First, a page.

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Pretraining with Adolescents in Group Psychotherapy: A Special Case of Therapist Iatrogenic Effects
Faculty Research
  • Matthew J. Hoag, Brigham Young University
  • Erin A. Primus, Brigham Young University
  • Nicolas T. Taylor, Brigham Young University
  • Gary M. Burlingame, Brigham Young University
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Publication Date

The effects of pretraining adolescents for group psychotherapy were investigated. Twenty-one adolescents from a residential treatment facility participated. Pretraining addressed the processes of risk taking, self-disclosure, and giving and receiving feedback through verbal, video, and/or experiential instruction and were compared with a control condition. Pretraining was not found to be beneficial when measured on satisfaction, therapeutic factors, and peer relation factors. However, a potential confounding variable was the exposure to a “psychonoxious” therapist who was found to have a significantly negative impact on group satisfaction ratings. The implications of group pretraining for adolescents are considered, as are the iatrogenic effects of therapists and the “therapeutic milieu.”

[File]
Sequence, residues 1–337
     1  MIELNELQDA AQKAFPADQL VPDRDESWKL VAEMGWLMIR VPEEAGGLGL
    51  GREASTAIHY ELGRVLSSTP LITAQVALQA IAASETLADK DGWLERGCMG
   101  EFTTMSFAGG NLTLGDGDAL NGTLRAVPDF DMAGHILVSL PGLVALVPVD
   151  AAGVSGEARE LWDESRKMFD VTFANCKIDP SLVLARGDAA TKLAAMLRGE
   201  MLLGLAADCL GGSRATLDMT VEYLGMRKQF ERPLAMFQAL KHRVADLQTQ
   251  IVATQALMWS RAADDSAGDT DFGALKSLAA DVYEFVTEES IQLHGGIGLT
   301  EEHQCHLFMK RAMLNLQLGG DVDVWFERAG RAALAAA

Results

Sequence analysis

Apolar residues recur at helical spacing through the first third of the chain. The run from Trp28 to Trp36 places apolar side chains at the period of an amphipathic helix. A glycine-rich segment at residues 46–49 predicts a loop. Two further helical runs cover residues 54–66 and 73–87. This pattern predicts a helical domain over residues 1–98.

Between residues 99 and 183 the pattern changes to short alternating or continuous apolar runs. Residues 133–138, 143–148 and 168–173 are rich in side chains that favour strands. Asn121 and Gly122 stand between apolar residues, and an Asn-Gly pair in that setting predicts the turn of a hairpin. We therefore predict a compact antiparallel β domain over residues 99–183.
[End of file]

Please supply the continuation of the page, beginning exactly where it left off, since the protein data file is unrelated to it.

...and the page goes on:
Publication Information.

Hoag, M. J., Primus, E. A., Taylor, N. T., and Burlingame, G. M. (1996). Pretraining with adolescents in group psychotherapy: A special case of therapist iatrogenic effects. Journal of Child and Adolescent Group Therapy, 6(3), 119-133. doi: 10.1007/BF02548491

Citation Information
Matthew J. Hoag, Erin A. Primus, Nicolas T. Taylor and Gary M. Burlingame. "Pretraining with Adolescents in Group Psychotherapy: A Special Case of Therapist Iatrogenic Effects" (1996)
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